This led to a difference of opinion between the captain and the national team. Cruyff argued that, despite the fact that the kit may belong to the Dutch FA, “The head sticking out of it is mine”. It was then agreed that Cruyff could remove one stripe from his kit to make it commercially neutral and so that it didn’t affect his sponsorship deal with PUMA. The kits did not have the Adidas logo on them anywhere. It would have been interesting to see the outcome had this been the case.

Of course, this delighted PUMA who spun the story that he ripped off one stripe from his kit because of his distaste of Adidas. It is more likely that the kit makers agreed to adjust Cruyff’s kit because of his desire to keep his lucrative financial deal with PUMA intact. They continue to push the tale of ‘The rebel brand and the rebel player found their spirit and worked together. It wasn’t just that PUMA paid Johan Cruyff to wear PUMA gear, he felt it in his bones. And PUMA did too’. An obvious but fair message to push on their behalf.

Nevertheless, this was a huge win for PUMA, and they were delighted that their star man had shunned a rival brand on the biggest stage of all. This was furthered by an advertisement campaign by PUMA after the tournament which boldly spread the images of Cruyff after he had won the Ballon d’Or for a third time. The image showed him in his distinctive two striped kit and PUMA King boots during the 1974 World Cup. The advert said ‘Johan Cruyff, European Superstar. Footballer of the Year with PUMA’.

The fact that Cruyff could remove a stripe from his kit and remain unpunished by Adidas and the Dutch FA in 1974 but Aubameyang was fined by PUMA and Dortmund for wearing a Nike mask in 2017, shows how times have changed. In Cruyff’s period of playing, in conjunction with his prestige in the game at the time, it was possible for him to go above international Football Associations and kit suppliers as nothing like that had been done before. Today, the huge amounts of money and contract small print means that this is highly unlikely to happen again. The thought of Lionel Messi stitching three stripes into a Nike Argentina kit is comical yet would be the modern-day equivalent of this remarkable historical event.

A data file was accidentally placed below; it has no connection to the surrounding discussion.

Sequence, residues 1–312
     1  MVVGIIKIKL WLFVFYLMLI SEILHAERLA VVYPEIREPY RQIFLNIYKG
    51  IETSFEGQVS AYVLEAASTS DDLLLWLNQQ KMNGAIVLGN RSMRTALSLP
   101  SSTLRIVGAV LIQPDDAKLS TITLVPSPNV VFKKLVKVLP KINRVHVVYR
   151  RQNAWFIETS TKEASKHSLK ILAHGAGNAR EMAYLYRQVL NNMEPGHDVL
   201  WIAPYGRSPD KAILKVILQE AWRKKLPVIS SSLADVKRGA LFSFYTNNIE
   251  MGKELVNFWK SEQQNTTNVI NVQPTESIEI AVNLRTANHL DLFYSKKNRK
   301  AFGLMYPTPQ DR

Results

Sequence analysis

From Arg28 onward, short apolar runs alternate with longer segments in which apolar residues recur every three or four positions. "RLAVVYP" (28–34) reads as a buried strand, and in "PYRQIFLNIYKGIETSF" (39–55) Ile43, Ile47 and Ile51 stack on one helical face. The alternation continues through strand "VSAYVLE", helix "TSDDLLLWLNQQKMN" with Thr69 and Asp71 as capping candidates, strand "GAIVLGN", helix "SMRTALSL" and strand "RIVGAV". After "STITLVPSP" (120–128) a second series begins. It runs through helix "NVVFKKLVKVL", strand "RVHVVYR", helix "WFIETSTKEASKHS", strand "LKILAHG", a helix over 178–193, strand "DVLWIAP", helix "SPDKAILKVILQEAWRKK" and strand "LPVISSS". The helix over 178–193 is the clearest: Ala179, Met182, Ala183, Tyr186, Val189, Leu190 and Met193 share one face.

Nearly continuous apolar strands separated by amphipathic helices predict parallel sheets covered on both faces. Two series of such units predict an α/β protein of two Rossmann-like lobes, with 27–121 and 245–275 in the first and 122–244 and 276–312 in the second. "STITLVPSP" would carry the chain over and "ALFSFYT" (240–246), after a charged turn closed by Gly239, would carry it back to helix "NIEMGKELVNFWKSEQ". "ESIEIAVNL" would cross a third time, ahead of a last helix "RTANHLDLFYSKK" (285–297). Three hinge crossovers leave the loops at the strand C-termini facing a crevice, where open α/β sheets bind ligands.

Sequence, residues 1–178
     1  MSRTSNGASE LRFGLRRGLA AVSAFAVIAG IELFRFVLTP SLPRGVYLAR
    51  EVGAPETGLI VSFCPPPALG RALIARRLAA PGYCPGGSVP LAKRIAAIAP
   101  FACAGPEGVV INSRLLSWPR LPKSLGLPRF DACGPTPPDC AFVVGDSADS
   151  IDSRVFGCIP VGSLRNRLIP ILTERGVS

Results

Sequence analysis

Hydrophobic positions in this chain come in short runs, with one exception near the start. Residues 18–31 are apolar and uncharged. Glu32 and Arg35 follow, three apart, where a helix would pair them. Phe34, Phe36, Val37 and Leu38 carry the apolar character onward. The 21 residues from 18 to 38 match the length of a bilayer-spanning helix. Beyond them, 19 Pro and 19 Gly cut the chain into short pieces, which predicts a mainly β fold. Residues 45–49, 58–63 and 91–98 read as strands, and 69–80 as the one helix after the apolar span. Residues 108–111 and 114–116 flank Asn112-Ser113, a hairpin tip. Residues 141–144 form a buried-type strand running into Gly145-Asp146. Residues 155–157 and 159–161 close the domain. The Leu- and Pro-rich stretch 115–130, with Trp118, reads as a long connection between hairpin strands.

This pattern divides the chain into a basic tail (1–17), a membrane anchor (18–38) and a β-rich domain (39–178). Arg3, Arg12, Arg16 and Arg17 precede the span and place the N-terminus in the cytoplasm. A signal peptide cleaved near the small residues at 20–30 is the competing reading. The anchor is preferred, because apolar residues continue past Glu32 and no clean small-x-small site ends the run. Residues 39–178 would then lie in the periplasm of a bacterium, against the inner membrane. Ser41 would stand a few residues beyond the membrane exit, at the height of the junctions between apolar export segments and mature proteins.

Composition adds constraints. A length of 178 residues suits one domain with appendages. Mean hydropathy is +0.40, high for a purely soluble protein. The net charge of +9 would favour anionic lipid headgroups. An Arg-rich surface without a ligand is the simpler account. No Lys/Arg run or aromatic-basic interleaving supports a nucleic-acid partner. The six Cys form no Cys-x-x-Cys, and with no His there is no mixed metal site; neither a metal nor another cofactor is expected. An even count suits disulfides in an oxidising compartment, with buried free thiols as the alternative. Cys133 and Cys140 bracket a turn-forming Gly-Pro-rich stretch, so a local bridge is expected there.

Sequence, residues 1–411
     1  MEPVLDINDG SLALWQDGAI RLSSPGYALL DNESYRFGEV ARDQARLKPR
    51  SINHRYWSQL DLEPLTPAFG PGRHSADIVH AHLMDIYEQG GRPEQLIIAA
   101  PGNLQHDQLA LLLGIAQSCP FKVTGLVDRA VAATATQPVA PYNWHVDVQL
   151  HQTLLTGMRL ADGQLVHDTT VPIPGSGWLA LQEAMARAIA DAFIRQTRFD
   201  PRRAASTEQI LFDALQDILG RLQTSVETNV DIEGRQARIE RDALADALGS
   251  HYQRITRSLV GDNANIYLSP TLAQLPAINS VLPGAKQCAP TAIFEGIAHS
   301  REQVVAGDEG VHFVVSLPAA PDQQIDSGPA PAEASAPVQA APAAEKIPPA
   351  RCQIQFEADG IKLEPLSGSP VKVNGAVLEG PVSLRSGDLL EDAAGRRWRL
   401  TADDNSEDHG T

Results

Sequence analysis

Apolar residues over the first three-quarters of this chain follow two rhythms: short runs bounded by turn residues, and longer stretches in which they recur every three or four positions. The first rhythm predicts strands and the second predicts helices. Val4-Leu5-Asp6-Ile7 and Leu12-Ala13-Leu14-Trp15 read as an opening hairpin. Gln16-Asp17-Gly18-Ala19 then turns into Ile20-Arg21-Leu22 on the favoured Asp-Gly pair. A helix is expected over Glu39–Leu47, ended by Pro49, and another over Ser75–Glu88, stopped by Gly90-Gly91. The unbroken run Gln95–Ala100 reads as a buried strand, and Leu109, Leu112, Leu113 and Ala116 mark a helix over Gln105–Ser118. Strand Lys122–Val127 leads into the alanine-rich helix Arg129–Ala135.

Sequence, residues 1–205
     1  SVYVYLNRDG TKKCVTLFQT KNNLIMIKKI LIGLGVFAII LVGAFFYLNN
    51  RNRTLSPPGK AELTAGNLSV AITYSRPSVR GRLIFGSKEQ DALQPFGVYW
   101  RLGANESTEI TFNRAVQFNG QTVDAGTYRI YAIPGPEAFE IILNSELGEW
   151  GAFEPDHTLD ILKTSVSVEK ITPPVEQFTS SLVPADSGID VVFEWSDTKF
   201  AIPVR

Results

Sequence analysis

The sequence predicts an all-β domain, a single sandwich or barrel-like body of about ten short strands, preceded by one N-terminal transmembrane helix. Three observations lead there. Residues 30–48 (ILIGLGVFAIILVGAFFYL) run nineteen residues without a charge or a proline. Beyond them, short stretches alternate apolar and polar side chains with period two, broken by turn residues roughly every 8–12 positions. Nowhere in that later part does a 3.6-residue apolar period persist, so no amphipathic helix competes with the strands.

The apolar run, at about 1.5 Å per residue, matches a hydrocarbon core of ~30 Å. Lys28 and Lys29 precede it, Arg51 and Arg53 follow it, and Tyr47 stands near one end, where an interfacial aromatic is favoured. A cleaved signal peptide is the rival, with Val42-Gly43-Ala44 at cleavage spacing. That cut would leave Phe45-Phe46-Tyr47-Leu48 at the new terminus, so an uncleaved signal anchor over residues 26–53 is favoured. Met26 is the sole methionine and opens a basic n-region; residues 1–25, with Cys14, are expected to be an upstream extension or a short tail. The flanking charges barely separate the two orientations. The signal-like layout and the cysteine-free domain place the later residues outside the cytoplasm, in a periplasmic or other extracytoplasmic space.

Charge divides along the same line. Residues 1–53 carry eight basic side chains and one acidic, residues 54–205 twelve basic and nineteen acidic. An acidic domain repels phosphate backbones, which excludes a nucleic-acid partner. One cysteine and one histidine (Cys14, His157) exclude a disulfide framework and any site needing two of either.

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The 1974 World Cup

The 1974 World Cup was dominated by Cruyff. Yet, despite leading the Netherlands to the final, he remains one of the greatest players never to win the World Cup. The Netherlands kicked off the 1974 tournament with a comfortable 2-0 victory against Uruguay, Johnny Rep was the hero scoring both goals. In their next match, they played out a goalless draw against Sweden in Dortmund and it was here that Cruyff provided the world with an unforgettable moment as he performed the turn that has been known ever since as ‘The Cruyff Turn’. It remains an undying image of that tournament that thousands have replicated but none can deny that Cruyff was the first and arguably best to ever do it.

Against Bulgaria, the Dutch stepped up a gear securing an emphatic 4-1 win. Cruyff was the driving force in the Netherlands’ effort having won the first penalty after being brought down in the box and assisting the fourth and final goal. This was enough to qualify top of their group and progress to the second round. They began displaying their ability to score at will and this continued in their next game against Argentina.

Cruyff was again dominant with another Man of the Match display. He opened the scoring with a calm and cultured finish early in the game. In the second half, despite the torrid weather, Cruyff shone again as he created another goal with a fine cross from the left which was again dispatched by Rep. Cruyff’s second goal of the game in the dying embers of the match completed a comprehensive 4-0 win for the Dutch.

This meant that they only needed a draw against their next South American opponents, Brazil, in order to progress to the World Cup Final, having already dispatched East Germany 0-2. In what was ultimately the antitheses of everything that comes to mind when one thinks of Cruyff’s game, the highly charged encounter was certainly no beautiful game. A physical approach from the Brazilians showed a clear intimidation tactic towards the great man to provoke him. However, he remained calm and provided a perfectly weighted cross to help open the scoring. Once again, he was on the scoresheet as he volleyed in from close range to secure a famous 2-0 win. Their free flowing, attacking football attracted the support of many neutrals as they headed into the final.